Rosemary Tirio first saw the need for mental health services in her community back in 2005, when her goddaughter was dealing with severe depression.
“I made a million phone calls, and no one would take her because she didn’t have insurance,” Tirio says.
She and her fellow organizers at Coalition to Save Our Mental Health Centers are trying to do something about it. The group has introduced a referendum on November’s ballot that would restore funding for the North River Mental Health Center in North Park, making it possible for the center to provide services to the community.
The group collected 2,650 signatures to get the measure on the ballot.
The referendum asks the community surrounding the center to pay for mental health services through a tax increase of .004 percent, or $4 for every $1,000 currently paid in property taxes. It would bring about $500,000 to the center and restore its funding to the level it was at nearly 40 years ago.
When North River Mental Health Center opened in 1969, 14 therapists served the community full time, providing free counseling services, home visits, school visits and group therapy. Now that number has dwindled down to three, and the services are no longer free.
The drastic decrease in services is a result of funding cuts. North River’s funding has been cut 75 percent since it first opened nearly 40 years ago, according to the group.
Diane Plotkin worked at North River for 27 years and continues to advocate for mental health funding since her retirement. She says the current Daley administration has ravaged mental health funding in the city.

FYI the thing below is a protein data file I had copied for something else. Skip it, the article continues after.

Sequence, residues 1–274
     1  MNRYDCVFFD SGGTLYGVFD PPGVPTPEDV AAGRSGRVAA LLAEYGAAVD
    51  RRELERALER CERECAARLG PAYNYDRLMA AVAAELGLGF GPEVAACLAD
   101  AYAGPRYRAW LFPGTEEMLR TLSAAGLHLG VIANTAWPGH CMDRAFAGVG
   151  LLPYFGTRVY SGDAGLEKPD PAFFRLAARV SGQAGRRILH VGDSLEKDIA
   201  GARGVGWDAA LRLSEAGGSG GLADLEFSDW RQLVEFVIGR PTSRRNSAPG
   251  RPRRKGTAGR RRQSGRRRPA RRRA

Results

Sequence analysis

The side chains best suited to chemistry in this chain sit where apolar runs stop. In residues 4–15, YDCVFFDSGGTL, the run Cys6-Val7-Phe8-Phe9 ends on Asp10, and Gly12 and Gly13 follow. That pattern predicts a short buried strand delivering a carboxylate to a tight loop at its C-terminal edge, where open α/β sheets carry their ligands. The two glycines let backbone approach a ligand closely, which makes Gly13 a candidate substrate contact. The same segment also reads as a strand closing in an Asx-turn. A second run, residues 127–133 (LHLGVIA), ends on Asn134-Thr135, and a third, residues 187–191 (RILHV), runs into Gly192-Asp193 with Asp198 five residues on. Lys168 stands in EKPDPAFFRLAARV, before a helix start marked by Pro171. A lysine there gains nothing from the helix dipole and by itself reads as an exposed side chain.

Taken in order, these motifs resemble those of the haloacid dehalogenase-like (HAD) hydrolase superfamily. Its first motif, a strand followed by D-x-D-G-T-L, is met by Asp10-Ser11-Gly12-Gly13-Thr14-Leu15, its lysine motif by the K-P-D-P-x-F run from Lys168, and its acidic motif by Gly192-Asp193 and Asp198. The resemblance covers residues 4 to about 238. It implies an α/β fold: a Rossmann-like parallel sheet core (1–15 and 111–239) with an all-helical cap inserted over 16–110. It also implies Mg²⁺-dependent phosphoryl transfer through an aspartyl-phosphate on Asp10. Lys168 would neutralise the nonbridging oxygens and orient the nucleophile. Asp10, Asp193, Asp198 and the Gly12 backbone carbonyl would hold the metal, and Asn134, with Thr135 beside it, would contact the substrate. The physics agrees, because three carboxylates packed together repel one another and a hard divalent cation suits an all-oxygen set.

“The city of Chicago had one of the best mental health systems in the country prior to the current Mayor Daley coming in,” Plotkin says, “We’ve tried negotiating with the city, we’ve tried badgering the city, we’ve tried working with the city in every way.”
Four years ago, the group decided to try a different strategy – to get the community to contribute. They put a similar referendum on the ballot. It passed, but action was never taken by the city council to make the increase law.
Now the group has the backing of several city alderman, including Alderman William Banks, D-36, who introduced a corresponding ordinance at July’s city council meeting. The group has also launched a door-to-door voter education campaign about the referendum and are confident that it will pass again.
Bob Gannett, a community organizer with Coalition to Save Our Mental Health Centers, says the community has been very receptive to the referendum.
“The community has stepped up and said, ‘We are going to do this. We’re not going to wait for downtown,’” Gannett says.
Shirley Webber is a member of Coalition to Save Our Mental Health Centers. She said that the community needs better mental illness services.
“If you have cancer, you go to the doctor. But if you have mental illness or post partum depression, they tell you call back next week,” Webber says, “You’re ready to commit suicide and they say to call back next week.”
Webber says people are just starting to understand the prevalence of mental illness in society. The U.S. Surgeon general estimates that in the next six months, 19 percent of the population will experience some form of mental illness. The group says that means as many as 19,100 residents around North River will be affected.
Rosemary Tirio says that the referendum won’t just affect those who need the services – it will benefit the whole community.
“I think there are a lot of mentally ill among the population who are not able to get services,” she says. “They go undiagnosed and then contribute to crime and problems in the neighborhood.”
The referendum, which will be on the ballot on Nov. 4, will affect people living in the communities of North Park, Albany Park, Peterson Park, Irving Park, Mayfair, Sauganash, Hollywood Park, Independence Park and Forest Glen. If it passes, the corresponding ordinance will then be taken up by city hall to become part of the tax code.
The referendum will pass if it receives the majority of votes.